|Subject:||Automated External Defibrillators for Home Use|
|Policy #:||DME.00032||Current Effective Date:||07/09/2013|
|Status:||Reviewed||Last Review Date:||05/09/2013|
An automated external defibrillator (AED) is a portable machine that is designed to use an algorithm to distinguish ventricular fibrillation (VF) from other cardiac rhythms, advise the rescuer that a shockable rhythm is present, and then allow for the delivery of the appropriate amplitude shock to "restart" the individual's heart. This document addresses automated external defibrillators for home use.
Note: This document does not address wearable cardioverter defibrillators. For information related to these devices, please see MED.00055 Wearable Cardioverter Defibrillators.
Investigational and Not Medically Necessary:
Automated external defibrillators for home use are considered investigational and not medically necessary.
The implantable cardioverter defibrillator (ICD) is currently the "gold-standard" treatment for preventing sudden cardiac death (SCD) in high-risk individuals, including those with a previous history of sudden cardiac arrest (SCA) and those at risk for ventricular arrhythmias, such as individuals with prior myocardial infarction (MI) and reduced ejection fraction.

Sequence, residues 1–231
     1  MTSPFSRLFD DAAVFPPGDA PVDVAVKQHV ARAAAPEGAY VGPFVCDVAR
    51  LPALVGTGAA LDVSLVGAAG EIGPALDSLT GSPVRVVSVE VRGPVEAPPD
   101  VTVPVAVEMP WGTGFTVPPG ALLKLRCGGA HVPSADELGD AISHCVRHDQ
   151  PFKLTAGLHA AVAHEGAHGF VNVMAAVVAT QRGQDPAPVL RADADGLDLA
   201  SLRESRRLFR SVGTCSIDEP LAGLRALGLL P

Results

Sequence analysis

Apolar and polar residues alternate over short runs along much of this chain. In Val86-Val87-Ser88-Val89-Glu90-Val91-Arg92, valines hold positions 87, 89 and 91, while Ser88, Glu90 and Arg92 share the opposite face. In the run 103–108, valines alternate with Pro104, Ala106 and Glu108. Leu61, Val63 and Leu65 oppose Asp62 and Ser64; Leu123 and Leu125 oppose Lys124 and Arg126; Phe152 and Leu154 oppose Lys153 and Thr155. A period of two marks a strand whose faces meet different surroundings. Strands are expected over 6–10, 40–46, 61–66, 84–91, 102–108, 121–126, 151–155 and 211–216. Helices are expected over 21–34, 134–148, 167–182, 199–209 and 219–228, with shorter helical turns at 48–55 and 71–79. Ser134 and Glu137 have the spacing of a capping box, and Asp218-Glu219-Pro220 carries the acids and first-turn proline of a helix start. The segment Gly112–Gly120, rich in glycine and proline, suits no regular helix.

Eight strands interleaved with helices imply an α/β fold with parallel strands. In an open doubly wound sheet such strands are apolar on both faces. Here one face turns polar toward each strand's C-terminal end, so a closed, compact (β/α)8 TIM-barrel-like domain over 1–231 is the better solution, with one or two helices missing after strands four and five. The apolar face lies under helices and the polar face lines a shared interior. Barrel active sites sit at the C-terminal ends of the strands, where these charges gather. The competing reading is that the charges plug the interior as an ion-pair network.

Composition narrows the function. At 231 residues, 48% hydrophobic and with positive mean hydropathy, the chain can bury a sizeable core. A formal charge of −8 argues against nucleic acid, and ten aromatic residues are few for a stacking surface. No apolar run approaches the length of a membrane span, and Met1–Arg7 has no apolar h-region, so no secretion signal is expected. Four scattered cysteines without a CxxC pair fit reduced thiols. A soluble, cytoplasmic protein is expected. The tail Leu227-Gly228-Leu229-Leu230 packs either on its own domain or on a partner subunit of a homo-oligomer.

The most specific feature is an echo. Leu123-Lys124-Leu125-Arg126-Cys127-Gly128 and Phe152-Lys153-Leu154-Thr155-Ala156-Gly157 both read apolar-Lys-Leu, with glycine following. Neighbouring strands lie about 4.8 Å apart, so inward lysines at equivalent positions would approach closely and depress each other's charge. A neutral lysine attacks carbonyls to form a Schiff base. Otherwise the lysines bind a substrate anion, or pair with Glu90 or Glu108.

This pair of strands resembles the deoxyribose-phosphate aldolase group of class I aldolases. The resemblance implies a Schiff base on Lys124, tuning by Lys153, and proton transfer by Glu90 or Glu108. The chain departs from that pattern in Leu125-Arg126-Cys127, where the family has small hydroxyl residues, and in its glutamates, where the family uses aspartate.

Defibrillation success using automated external defibrillators (AEDs) in experimental and clinical models has been demonstrated, and studies conducted, thus far, suggest that AED use in public locations, (such as airports and casinos), improves survival from SCA. The Public Access Defibrillation (PAD) trial, sponsored by the National Institutes of Health, was a multicenter study in which community-based AED training was employed in "high-risk" settings, that included 1,260 community sites and residential locations with more than 250 persons older than age 50 years on site for most of the day, or sites where a cardiac arrest had occurred within the two years prior to the study. Sites were randomized to rescuers trained in cardiopulmonary resuscitation (CPR) alone or those trained in CPR and defibrillator use. Approximately 20,000 lay volunteers were trained, representing almost 10 volunteers per available defibrillator. The primary endpoint of the study was the number of subjects who survived to hospital discharge. More cardiac arrests occurred in the CPR-defibrillator locations (n = 129) than in the CPR-alone locations (n = 103). Twenty-nine individuals in the CPR-defibrillator group survived to hospital discharge (22.5%), compared with only 15 in the CPR alone group (14.6%) (P = .042). Notably, there was only one survival to hospital discharge in each group when SCA occurred in a residential unit. Investigators drew the following conclusions from the study results: